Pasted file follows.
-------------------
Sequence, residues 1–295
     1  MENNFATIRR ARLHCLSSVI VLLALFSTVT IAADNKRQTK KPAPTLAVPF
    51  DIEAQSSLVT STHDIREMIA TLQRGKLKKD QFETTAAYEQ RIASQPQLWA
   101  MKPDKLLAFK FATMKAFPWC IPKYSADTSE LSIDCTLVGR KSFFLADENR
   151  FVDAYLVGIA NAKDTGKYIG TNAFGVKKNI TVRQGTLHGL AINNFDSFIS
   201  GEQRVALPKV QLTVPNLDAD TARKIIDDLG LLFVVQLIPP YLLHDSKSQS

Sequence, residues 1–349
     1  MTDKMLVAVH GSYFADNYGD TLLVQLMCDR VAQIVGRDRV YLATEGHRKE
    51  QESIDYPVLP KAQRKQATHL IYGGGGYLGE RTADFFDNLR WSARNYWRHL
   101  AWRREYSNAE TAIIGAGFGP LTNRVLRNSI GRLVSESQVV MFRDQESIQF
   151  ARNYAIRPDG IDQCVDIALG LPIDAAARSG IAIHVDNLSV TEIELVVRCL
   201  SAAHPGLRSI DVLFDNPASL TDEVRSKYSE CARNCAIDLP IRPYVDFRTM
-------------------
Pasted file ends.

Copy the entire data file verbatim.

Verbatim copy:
Sequence, residues 1–295
     1  MENNFATIRR ARLHCLSSVI VLLALFSTVT IAADNKRQTK KPAPTLAVPF
    51  DIEAQSSLVT STHDIREMIA TLQRGKLKKD QFETTAAYEQ RIASQPQLWA
   101  MKPDKLLAFK FATMKAFPWC IPKYSADTSE LSIDCTLVGR KSFFLADENR
   151  FVDAYLVGIA NAKDTGKYIG TNAFGVKKNI TVRQGTLHGL AINNFDSFIS
   201  GEQRVALPKV QLTVPNLDAD TARKIIDDLG LLFVVQLIPP YLLHDSKSQS

Sequence, residues 1–349
     1  MTDKMLVAVH GSYFADNYGD TLLVQLMCDR VAQIVGRDRV YLATEGHRKE
    51  QESIDYPVLP KAQRKQATHL IYGGGGYLGE RTADFFDNLR WSARNYWRHL
   101  AWRREYSNAE TAIIGAGFGP LTNRVLRNSI GRLVSESQVV MFRDQESIQF
   151  ARNYAIRPDG IDQCVDIALG LPIDAAARSG IAIHVDNLSV TEIELVVRCL
   201  SAAHPGLRSI DVLFDNPASL TDEVRSKYSE CARNCAIDLP IRPYVDFRTM